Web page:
COVID-19 created a challenging working environment for families living in urban areas over the last several months. In a city such as Chicago, many people I know are living in a two- to three-bedroom condo with both parents, trying to work full-time while providing childcare. After three or four months of living like this, most people I have spoken with have expressed a desire for more space and are re-evaluating their decision to live in such a densely populated area.
It seems many families are coming to that same conclusion, as mortgage applications have spiked back to pre-COVID-19 levels, and interest rates for fixed-rate mortgages are nearing all-time lows (Exhibit 1). Housing demand appears to be strengthening.
Exhibit 1: Mortgage Applications and Interest Rates for Fixed-Rate Mortgages
Source: Yardeni Research, Inc.
In a recent investment research note, Jefferies Financial Group highlighted that the average single-family home tends to be roughly two times the size of a multi-family home with two more bedrooms and one more bathroom. This has a multiplier effect for building products with the average family home having two-three times the amount of insulation, ~two times the wallboard, ~two times the kitchen cabinets, ~39% more plumbing fixtures, ~92% more gallons of paint, ~two times the amount of doors, and three times the amount of windows. If this apparent increase in demand for housing translates into demand for more space and accelerates migration to the suburbs, it would be a positive tailwind for building products companies.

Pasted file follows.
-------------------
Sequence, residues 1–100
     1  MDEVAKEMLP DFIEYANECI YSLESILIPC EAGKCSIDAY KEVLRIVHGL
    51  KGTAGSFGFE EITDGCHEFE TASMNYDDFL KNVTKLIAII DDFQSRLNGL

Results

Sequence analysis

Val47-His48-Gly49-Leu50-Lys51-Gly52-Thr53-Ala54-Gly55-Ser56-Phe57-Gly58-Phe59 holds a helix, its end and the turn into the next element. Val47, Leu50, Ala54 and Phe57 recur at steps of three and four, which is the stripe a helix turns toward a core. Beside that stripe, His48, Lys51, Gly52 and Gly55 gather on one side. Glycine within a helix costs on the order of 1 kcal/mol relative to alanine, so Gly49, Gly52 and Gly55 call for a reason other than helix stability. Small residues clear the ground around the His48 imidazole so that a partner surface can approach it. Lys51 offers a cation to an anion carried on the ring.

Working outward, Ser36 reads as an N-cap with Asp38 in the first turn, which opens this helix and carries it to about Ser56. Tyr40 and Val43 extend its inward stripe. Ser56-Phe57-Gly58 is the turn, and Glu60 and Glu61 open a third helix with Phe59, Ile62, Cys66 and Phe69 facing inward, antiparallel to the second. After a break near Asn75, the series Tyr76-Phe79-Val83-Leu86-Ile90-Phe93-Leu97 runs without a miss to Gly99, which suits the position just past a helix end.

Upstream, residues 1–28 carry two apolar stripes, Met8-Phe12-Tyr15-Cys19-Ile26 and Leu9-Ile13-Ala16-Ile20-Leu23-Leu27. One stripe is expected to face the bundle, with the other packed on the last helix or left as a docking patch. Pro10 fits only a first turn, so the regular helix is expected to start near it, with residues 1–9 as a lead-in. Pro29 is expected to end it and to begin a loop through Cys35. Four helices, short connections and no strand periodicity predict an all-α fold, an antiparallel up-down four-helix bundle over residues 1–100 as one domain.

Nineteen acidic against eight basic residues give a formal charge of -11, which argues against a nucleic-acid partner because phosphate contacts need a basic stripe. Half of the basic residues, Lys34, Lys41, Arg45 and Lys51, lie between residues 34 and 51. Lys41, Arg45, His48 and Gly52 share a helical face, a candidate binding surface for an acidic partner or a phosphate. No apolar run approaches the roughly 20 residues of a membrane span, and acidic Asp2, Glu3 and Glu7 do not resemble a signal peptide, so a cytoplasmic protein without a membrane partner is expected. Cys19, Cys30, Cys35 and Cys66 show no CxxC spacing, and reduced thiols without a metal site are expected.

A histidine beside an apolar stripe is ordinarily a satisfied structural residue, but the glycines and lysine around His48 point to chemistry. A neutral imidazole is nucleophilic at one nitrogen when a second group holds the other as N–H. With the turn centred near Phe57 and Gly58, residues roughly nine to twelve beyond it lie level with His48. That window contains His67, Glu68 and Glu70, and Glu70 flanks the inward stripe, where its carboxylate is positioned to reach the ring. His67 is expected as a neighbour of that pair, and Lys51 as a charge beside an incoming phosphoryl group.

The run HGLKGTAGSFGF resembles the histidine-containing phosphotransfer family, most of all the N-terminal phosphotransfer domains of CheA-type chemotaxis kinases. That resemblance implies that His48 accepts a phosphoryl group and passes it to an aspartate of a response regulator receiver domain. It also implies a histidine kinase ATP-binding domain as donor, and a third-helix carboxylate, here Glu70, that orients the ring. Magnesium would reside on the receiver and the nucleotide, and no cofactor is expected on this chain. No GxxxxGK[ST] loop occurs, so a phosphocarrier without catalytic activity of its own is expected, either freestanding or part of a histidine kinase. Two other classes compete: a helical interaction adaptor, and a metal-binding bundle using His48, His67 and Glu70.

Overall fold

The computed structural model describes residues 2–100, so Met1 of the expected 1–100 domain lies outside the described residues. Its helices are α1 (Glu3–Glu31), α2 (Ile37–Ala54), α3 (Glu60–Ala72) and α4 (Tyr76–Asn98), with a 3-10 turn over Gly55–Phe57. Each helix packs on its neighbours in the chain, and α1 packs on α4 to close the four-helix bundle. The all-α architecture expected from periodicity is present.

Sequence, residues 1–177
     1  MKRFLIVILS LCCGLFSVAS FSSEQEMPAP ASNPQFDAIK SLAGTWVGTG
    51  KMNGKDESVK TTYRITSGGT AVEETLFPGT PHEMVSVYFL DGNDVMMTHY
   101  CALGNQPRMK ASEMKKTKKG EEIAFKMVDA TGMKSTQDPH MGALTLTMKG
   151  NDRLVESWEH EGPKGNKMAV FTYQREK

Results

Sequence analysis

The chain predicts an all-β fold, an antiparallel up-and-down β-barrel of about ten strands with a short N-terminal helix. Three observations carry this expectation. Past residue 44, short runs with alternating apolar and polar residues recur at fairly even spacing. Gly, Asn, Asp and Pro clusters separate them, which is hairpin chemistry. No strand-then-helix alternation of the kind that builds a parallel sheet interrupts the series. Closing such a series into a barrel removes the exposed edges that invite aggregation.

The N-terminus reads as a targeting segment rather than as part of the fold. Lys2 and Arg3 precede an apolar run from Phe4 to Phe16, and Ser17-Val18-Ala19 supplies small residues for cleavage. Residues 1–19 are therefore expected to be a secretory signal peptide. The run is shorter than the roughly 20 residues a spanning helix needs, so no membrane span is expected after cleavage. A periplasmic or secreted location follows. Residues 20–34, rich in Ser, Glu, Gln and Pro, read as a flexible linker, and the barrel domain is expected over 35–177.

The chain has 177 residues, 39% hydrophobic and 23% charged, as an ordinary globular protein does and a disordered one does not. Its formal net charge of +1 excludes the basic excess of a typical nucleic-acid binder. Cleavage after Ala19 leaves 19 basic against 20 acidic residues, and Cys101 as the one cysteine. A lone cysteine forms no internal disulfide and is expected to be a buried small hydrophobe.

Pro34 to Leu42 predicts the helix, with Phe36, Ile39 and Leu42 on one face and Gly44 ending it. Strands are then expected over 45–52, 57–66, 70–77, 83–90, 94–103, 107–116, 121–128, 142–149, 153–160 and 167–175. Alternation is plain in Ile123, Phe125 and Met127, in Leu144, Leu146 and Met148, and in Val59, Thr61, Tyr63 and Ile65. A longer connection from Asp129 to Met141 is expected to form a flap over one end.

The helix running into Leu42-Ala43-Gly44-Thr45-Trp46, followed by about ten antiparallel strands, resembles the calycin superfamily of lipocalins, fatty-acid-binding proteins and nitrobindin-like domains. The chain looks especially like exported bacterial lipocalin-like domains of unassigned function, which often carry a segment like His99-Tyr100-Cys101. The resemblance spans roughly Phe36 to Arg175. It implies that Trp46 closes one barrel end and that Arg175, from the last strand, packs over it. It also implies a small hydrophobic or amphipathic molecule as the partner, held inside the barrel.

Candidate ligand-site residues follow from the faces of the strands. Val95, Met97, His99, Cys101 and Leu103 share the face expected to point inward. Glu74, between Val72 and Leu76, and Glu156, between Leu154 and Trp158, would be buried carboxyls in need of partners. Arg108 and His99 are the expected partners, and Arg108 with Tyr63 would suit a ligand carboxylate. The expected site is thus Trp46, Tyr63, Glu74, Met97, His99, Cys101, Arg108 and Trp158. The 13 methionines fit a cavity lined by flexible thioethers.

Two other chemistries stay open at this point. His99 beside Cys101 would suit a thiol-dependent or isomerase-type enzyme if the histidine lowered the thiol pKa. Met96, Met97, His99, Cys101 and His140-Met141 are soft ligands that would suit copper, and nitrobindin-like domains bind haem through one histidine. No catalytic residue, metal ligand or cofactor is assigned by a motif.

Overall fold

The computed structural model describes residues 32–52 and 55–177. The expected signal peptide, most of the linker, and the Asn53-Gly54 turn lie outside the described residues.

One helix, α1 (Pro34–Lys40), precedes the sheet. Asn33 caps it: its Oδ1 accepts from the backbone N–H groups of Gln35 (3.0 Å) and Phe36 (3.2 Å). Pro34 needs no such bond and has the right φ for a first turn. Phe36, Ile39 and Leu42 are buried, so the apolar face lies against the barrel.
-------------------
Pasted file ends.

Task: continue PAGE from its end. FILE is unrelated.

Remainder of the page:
Exhibit 2: Housing Affordability Index and Initial Unemployment Claims
Source: Yardeni Research, Inc.
Despite the increase in mortgage applications, there are some causes for concern. Initial unemployment claims have spiked to multi-decade highs, and this is likely to have a negative impact on the frequency with which lenders approve mortgage applications (Exhibit 2). This is an obvious risk to increased housing demand. Housing affordability is also a potential issue. The National Associations of Realtors Affordability Index measures whether a typical family could qualify for a mortgage loan on a typical home, and as shown in Exhibit 2, this index remains at average levels which would indicate a healthy market. However, rising unemployment will be a negative impact. It will take some time to see how these offsetting factors will play out.
Our view is COVID-19 will cause an acceleration in demand for single-family homes in the suburbs relative to urban residences and this is a positive tailwind for building product materials demand. We continue to look for growth opportunities in the building products space for our investment strategies while cautiously watching for the potential negative impact of rising unemployment claims.
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